The issue of possible abuse cases in the JCPS state-funded preschool program gets is important because while JCPS is now out of the Head Start management business, the district remains fully in charge of the separate, state-funded preschool program. If, in fact, there is also abuse in that state-funded preschool program, then more needs to happen.
So, an important, unsolved puzzle remains: How did JCPS serve both Head Start and state-funded preschool students in the same classrooms but somehow we are only hearing about abuse problems with the Head Start kids? And, is anyone in authority checking on this?
Bluegrass Institute supports pastors’ coalition in calling for state Intervention in Jefferson County Public Schools
Too much of the discussion regarding the failure of Kentucky’s public-education system to prepare most of its students to succeed in the 21st century is based on addressing the wishes of the system’s adults rather than the needs of its students.
However, that public education system does not exist for the benefit of the adults.
Rather, it exists to prepare over 650,000 children in that system by giving them the knowledge and the tools needed to live productive and successful lives.
While teachers, administrators, cafeteria workers, bus drivers and janitors are important contributors to making Kentucky’s public-education system work, their wants and wishes must be secondary to creating and advancing education policy based on what’s in the best interest of our children.
Case in point: Interim Education Commissioner Wayne Lewis has recommended a state intervention in the day-to-day management of the Jefferson County Public Schools.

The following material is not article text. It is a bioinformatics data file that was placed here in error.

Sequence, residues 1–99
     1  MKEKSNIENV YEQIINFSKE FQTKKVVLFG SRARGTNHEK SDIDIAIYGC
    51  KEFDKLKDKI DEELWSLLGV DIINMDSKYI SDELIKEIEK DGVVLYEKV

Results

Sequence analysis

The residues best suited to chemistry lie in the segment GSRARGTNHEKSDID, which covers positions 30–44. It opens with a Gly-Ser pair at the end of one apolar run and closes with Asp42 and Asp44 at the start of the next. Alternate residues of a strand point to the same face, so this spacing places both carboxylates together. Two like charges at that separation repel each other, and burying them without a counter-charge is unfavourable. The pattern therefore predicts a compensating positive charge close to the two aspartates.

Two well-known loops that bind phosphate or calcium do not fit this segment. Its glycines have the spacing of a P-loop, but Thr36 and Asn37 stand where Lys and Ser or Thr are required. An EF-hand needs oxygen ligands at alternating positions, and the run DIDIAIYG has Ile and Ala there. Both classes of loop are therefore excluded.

The recommendation is based on an extensive 14 month-long management audit ordered by former commissioner Stephen Pruitt and conducted by the Kentucky Department of Education. The audit found more than 20 “significant deficiencies” in the district which include issues related to achievement gaps, restraint, inclusion, funding, facilities and student safety.
In a recent interview on KET “Connections,” Lewis told host Renee Shaw that he believes a KDE takeover is necessitated by the fact that the deficiencies in JCPS are the result of “fundamentally a broken system” and cannot be addressed simply by replacing a superintendent or any other individual or group of individuals.
“State management is essential in order to remedy the deficiencies that have come forward in the audit,” Lewis said. “Nothing short of state management of Jefferson County Public Schools will ensure that the children in that district are protected and served well.”
The next step in the process will be for JCPS leaders to appeal Lewis’ recommendation to the Kentucky Board of Education (KBE), which will make the final decision regarding a takeover.
If the KBE agrees with Lewis’ recommendation:
- Superintendent Marty Pollio would continue to manage the day-to-day affairs of the district but would be required to report weekly to Associate Education Commissioner Kelly Foster on the district’s progress in addressing the many deficiencies included in the audit.
- Lewis could fire and replace Pollio if he deems a lack of sufficient and timely progress is occurring.
- The JCPS Board of Education would perform in an advisory role during the period of time in which the district is under state management.
- Lewis by law could replace members of the JCPS Board of Education.
The Bluegrass Institute has been working with the Kentucky Pastors in Action Coalition, a group of inner-city minority pastors in Louisville and surrounding areas to make the case for a state intervention in JCPS.
Following is a report we released outlining reasons for supporting Lewis’ recommendation.
While other issues have recently come to light – including disturbing revelations about children in the district’s Head Start program being neglected and abused – this report focuses on issues involving widening achievement gaps between the JCPS’ white and black students, the impact of the district’s collective bargaining agreement on the educational environment and the political dollars being spent on school board races.
Click on the image below to download and read the full report.